Our family has spent much of 2015 handling medical issues.
I was hospitalized for six days in March, and my bride served two stints at Baptist Health Medical Center in Little Rock this summer. In Nancy’s case, a midsummer surgery has required outpatient treatments in recent weeks.
As we’ve lived these experiences, we’ve been wonderfully supported by many family members and friends (some even belong to both groups). Some of these supporters have asked to be notified whenever certain appointments, doctor visits, surgeries or other procedures have been completed.
During my hospital stay, Nancy and I decided that grouping children, siblings, cousins and certain friends who knew each other for shared texts might save time. We could write one text with the latest medical information and then copy, paste and text it to each group. Nancy dutifully wrote down a list of people for each group as she sent the first text. You might call it a 2015 version of the old phone tree that some organizations use in certain emergencies or weather-related changes to a schedule.
After each round, though, we’d hear from a person we hadn’t remembered or someone we thought of that should have been included. Nancy’s list became longer and some names were scratched out and moved to another group that we thought made more sense.
Then the unanticipated logistic complexities of group-texting started popping up like teen acne.
First, you had an occasional question from someone who might ask, “Is the ‘Ellen’ on this text Uncle Oscar’s oldest?” or something like “Who is this Erinn person who doesn’t know how to spell her name?”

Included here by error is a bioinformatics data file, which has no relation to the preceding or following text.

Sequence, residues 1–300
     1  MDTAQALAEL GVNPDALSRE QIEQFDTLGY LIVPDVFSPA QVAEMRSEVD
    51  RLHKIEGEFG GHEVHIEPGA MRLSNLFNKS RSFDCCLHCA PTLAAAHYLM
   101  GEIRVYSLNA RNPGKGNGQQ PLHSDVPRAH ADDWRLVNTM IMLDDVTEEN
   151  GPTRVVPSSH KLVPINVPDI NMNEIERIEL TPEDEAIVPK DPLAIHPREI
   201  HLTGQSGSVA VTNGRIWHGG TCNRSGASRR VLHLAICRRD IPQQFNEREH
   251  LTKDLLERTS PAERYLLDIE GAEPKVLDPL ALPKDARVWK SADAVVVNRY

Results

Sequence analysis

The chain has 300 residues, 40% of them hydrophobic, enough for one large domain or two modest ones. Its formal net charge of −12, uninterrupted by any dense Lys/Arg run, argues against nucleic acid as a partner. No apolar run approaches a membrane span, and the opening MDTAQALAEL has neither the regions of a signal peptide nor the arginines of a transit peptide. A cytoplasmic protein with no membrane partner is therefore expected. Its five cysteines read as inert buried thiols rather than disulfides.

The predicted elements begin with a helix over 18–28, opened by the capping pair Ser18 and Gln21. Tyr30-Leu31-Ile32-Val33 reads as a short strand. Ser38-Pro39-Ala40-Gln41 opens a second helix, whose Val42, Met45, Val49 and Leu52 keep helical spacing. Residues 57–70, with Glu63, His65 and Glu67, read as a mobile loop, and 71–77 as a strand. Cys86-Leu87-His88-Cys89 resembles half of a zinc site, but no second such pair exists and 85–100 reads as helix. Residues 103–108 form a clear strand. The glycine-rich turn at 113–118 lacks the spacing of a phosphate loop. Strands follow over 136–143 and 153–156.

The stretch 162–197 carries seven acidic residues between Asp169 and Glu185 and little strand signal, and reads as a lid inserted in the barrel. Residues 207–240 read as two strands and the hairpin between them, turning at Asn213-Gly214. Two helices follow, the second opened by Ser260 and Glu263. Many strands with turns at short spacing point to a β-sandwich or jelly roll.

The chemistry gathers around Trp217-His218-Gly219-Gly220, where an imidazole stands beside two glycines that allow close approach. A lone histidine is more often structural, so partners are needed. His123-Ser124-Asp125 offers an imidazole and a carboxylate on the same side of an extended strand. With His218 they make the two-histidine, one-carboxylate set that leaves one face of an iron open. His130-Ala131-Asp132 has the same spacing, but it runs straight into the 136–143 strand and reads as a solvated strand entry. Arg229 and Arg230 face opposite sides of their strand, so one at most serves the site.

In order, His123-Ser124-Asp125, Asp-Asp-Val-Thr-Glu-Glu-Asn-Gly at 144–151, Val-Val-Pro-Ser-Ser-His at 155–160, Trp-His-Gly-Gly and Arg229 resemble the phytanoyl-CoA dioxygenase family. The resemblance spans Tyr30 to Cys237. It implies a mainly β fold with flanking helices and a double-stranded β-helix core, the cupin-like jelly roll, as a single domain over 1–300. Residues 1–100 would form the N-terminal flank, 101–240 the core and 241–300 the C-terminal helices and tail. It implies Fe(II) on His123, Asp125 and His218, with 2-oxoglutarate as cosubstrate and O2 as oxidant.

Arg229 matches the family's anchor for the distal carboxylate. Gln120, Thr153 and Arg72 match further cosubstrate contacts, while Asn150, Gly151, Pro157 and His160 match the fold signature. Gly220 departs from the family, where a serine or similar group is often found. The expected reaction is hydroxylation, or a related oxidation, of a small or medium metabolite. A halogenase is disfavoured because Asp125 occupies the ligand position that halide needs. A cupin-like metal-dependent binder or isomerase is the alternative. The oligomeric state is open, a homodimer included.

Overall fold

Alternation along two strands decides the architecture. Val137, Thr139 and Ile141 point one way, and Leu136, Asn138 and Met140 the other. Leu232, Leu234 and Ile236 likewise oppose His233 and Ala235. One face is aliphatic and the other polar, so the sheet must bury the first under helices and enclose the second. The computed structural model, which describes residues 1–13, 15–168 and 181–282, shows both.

Some cell phones have a function of asking a user who begins a reply to a group text, “Do you want to send the reply to the sender only or all recipients?” Some, though, will send the reply to all recipients unless the user specifies otherwise. And sometimes, when the latter happens, the person replying to the original text forgets that her message is going to “all.” So the above questions may have caused confusion or possible awkwardness.
In a similar situation, a longtime friend of Nancy’s replied to her text about my medical update in such a way that a relative on my side of the family mistook the friend’s reply as a reference to the relative’s earlier reply. So after that, we tried to include people in a group in which they knew all the other members.
After a couple of texts to a particular group of siblings, we were informed by one member that her cell phone did not allow her to receive group texts and that she hadn’t been receiving the ones we had sent. After discussing that with Nancy, she decided, “Maybe that’s why my brother called me at 1:30 a.m. yesterday to tell me that Mike was in the hospital.” I personally thought it was just meanness on the part of her brother, but I didn’t tell her that — possibly, that is, until just now.
That sibling now receives her own separate text in our process.
When Nancy was the patient, my problem was forgetting to use Nancy’s group list or not being able to find it. So I tried to remember the groupings off the top of my head. With my memory capable of retaining only important baseball statistics these days, that usually meant new groups every time and someone being forgotten until they called or texted to ask why I hadn’t updated them.
To date, I guess we’d declare that above-mentioned process as “evolving.” But it helps if you remember where you put the paperwork.